Five

Now we are five! Into the second half of the first decade of the twenty-first century and changes are afoot for this periodical. In December 1999, the first issue of Senses of Cinema appeared online and here we are, five years later, still spellbound by this most captivating of artforms.

Five years. It feels like we have come a long way. It seems that the platitude “everyone’s a critic” is truer today than ever before. I’m yet to decide whether ultimately this is a good or bad thing. On the one hand, there is more cliched writing on cinema to be found on the internet than ever before and Variety-speak (fine, even amusing, in its own context) has influenced it certainly for the worse. On the other, the fact of the cyber-critics allows for a more democratic response and potentially for more interesting and braver personal examination. And it is also true that cinephiles have come to look at cinema more critically. I think we are questioning more than we did five years ago. No contemporary film, even one that appears to be universally acclaimed such as Before Sunset and Million Dollar Baby, has been left uninterrogated. Film criticism in the early years of the twenty-first century is not dominated by any particular way of looking at the world in the way that, say, the late 1960s and 1970s were highly politicised (and many film journals overtly – even militantly – so). However, good writers today appear to be more engaged with the meaning of a film or its elements than writers and scholars were in the 1990s in the heyday of the rather dry cognitive film theory approach to cinema. Today they – you – seem to respond to films more passionately, more bravely and ultimately more personally than even perhaps in the not too distant past when Senses of Cinema began. It has been a wonderful thing to watch writers, especially the younger ones, develop in this fashion. Increasingly, I am encountering writing that is not so much an “answer” to a film as “question”, but that recognises and uses cinema as a launch pad to write about the world we live in. In an ever-increasingly politicised world, intelligent and critical thinking about any artform could not be any other way.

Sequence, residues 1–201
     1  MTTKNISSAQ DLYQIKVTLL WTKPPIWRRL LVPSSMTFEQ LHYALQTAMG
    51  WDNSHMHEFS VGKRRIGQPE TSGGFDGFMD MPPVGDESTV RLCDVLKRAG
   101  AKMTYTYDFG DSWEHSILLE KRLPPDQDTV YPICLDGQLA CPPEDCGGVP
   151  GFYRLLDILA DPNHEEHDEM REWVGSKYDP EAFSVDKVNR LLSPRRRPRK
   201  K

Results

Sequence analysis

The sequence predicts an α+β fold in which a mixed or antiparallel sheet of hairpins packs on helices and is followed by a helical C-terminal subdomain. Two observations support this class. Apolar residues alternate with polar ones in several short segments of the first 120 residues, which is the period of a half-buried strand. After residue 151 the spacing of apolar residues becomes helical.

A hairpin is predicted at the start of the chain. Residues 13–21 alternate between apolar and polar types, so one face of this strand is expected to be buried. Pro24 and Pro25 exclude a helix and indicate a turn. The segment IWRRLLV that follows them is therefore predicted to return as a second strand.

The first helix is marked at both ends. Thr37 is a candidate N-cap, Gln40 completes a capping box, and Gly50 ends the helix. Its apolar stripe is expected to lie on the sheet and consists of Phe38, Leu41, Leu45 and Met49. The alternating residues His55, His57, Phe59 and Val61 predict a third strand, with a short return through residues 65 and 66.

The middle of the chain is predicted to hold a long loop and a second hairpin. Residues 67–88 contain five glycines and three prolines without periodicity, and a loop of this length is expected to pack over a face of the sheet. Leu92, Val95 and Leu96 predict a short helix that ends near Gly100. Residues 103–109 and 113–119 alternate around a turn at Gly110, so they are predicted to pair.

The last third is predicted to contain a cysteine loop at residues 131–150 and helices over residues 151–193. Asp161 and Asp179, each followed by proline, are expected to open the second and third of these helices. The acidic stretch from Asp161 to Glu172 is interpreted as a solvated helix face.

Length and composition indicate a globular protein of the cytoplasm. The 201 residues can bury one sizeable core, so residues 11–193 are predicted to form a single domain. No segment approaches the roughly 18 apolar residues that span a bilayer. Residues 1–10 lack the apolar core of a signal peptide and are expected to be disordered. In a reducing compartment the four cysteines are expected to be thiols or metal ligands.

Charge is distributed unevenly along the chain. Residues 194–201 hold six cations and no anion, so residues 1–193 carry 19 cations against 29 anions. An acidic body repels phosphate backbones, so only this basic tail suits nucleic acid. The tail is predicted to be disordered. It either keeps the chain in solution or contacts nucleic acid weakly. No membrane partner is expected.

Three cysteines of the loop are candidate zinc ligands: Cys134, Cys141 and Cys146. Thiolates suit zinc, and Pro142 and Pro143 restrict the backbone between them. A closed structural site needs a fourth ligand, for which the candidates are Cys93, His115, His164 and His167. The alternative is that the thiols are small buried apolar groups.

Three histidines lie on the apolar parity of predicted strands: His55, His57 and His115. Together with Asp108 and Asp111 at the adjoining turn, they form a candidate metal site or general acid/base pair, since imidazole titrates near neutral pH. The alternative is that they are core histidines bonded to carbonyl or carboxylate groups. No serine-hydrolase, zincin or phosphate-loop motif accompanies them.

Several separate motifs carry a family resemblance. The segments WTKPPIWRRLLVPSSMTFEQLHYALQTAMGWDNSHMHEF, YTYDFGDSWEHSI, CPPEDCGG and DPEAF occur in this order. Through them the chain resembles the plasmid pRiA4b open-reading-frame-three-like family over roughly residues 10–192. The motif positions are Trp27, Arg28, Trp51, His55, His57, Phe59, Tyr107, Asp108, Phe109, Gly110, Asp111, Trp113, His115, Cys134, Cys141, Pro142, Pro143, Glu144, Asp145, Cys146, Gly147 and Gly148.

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This year sees a re-assemblage of personnel at Senses of Cinema. Co-Editor Jake Wilson decamped in early December to concentrate on other endeavours and Co-Editor Fiona Villella, there right from the start, will also cease editorial duties from next issue onwards in order to concentrate on a career in teaching. We’d like to thank both Fiona and Jake for their immense contribution to the journal and wish them well for the future.

Senses, being the homeostatic journal that it is, welcomes some new arrivals in light of these departures. We are very excited to welcome our new Co-Editors Rolando Caputo and Scott Murray, who as a team will bring an enormous amount of experience in film criticism, publishing, and teaching to the journal. Also looking after reviews of publications will be our new Book Reviews Editor, Fincina Hopgood. Pip Carroll joins the team as our Marketing Coordinator. I myself will continue to oversee Film Festival Reports and Great Directors. Senses will continue to evolve as it has done so in the last five years. However, writers and readers alike can be assured that our mission shall not change and the structure of the journal shall remain as it presently is.

Here’s to a fantastic year of cinema and reading!

Michelle Carey
Co-Editor, Senses of Cinema

Thanks for this issue go to Fincina Hopgood.